Leibniz-Zentrum Allgemeine Sprachwissenschaft Leibniz-Gemeinschaft

How Language is Used to Oppress (HaLO)

Oppressive speech is speech that harms and disempowers its targets. It includes hate speech (slurs “Yid”, “Spic”), derogatory attitudes (“migrant vermin”), and negative moral talk (“gypsies are feckless”). Such speech doesn’t just offend but seeks to harm the target during the conversation, so that they feel humiliated, attacked, denigrated, and silenced. This harm is not confined to conversation. Utterances shift social norms by changing people’s opinions about how targets ought to be treated. Oppressive speech uses this effect to establish and maintain oppressive norms. Recent rhetoric in politics is a vivid example of this. This is a significant cause of economic and social harm to many groups. Oppressive speech is thus one of the most urgent social and political issues of our time.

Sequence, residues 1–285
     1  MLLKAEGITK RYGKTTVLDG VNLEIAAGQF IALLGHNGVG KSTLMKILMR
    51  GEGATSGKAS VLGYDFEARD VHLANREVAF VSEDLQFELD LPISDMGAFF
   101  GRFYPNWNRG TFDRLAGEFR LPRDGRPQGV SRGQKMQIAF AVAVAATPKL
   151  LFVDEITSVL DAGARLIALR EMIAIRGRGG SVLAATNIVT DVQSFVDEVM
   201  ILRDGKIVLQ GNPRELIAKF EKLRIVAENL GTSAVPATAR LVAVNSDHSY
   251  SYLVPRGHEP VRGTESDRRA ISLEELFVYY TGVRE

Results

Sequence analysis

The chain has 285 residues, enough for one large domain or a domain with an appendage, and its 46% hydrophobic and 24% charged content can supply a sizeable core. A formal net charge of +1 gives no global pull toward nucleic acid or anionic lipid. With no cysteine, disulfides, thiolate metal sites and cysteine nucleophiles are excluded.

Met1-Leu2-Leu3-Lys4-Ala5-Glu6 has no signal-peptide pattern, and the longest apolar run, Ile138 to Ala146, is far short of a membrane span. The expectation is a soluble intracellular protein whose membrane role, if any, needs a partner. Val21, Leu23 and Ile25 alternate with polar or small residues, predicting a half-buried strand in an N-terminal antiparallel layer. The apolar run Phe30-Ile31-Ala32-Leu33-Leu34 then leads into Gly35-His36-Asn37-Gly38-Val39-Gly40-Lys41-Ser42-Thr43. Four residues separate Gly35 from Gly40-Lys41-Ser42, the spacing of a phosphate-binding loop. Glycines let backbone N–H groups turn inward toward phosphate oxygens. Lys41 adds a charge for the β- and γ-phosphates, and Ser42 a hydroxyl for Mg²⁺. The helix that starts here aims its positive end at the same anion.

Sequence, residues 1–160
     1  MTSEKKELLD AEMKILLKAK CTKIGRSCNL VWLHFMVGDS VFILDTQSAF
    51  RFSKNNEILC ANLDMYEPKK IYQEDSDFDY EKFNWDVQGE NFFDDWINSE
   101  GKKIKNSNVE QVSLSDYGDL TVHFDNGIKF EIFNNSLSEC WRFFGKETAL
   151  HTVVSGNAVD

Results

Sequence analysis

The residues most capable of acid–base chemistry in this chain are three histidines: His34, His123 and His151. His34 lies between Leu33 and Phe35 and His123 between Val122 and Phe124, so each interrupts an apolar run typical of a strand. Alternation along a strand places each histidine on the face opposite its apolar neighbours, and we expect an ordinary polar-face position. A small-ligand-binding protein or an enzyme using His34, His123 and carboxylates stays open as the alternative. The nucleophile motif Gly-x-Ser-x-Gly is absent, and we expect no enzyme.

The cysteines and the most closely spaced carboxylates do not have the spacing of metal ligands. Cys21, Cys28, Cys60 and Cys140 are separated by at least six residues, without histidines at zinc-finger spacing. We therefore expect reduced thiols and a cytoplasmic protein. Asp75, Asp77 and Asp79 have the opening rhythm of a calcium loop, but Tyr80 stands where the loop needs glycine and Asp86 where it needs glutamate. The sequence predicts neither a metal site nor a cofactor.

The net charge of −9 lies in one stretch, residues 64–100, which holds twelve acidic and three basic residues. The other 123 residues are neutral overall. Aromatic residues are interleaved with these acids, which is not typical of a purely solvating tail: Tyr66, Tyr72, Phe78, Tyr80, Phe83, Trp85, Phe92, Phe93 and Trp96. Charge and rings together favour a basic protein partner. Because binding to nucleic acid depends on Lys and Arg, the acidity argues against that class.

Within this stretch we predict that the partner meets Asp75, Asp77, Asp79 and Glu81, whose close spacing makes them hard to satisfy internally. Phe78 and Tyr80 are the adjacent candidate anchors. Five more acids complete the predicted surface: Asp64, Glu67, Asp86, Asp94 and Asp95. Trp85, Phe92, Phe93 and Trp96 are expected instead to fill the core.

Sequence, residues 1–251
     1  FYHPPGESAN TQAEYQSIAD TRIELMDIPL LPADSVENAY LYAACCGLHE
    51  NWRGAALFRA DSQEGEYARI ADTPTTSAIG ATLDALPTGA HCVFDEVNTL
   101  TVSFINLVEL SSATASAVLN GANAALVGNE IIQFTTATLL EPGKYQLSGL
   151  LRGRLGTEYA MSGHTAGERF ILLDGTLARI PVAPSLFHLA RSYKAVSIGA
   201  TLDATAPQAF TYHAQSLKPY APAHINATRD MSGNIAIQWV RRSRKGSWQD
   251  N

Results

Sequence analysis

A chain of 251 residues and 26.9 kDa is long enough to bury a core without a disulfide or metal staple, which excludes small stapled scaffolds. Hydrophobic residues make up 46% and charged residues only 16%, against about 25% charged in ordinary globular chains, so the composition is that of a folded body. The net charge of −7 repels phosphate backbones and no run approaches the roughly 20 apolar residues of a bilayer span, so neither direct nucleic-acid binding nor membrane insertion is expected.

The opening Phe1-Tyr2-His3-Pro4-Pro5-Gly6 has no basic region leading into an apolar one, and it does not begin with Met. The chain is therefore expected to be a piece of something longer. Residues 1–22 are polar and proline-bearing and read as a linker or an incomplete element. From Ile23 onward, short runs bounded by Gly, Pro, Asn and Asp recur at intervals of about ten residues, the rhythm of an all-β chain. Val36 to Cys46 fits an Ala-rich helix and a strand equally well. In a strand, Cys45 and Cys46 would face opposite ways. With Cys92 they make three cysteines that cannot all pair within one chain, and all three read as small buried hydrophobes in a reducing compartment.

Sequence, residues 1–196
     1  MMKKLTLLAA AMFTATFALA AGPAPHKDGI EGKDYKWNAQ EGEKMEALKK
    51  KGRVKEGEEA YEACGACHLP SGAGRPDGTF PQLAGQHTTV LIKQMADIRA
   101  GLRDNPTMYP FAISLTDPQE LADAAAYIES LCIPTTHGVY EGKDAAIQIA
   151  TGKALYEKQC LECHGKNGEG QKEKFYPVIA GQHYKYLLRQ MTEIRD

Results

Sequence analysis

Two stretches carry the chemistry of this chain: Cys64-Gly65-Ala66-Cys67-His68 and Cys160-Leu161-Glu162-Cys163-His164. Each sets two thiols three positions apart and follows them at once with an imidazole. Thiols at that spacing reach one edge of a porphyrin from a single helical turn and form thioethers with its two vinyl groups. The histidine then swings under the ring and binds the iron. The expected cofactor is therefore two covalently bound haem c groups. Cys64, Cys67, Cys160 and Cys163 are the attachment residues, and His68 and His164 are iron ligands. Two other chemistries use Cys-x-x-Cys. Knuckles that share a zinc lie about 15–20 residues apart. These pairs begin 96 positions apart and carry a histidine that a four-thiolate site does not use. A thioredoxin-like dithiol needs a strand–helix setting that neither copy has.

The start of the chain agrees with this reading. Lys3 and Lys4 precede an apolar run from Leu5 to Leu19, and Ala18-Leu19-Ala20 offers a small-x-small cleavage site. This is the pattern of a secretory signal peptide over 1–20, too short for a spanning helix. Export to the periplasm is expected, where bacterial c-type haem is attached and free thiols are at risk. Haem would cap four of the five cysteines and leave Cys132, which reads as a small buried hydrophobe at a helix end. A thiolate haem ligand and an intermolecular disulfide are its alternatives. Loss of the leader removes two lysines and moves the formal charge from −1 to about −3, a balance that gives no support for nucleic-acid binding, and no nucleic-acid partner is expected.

The project uses a multidisciplinary approach that combines the complementary strengths of game theory, theories of social norms and social injustice, to explain:

(i) the effects of oppressive speech within a conversational game;

(ii) the way speech can shift norms that govern the social game; 

(iii) how the desire to maintain social injustice motivates oppressive speech. 

The proposed model of oppressive speech combines three interlinked work-packages:

·   (WP1) Oppressive conversational games.

·   (WP2) Oppressive speech shifting social norms.  

·   (WP3) Structural oppression and social change

Project events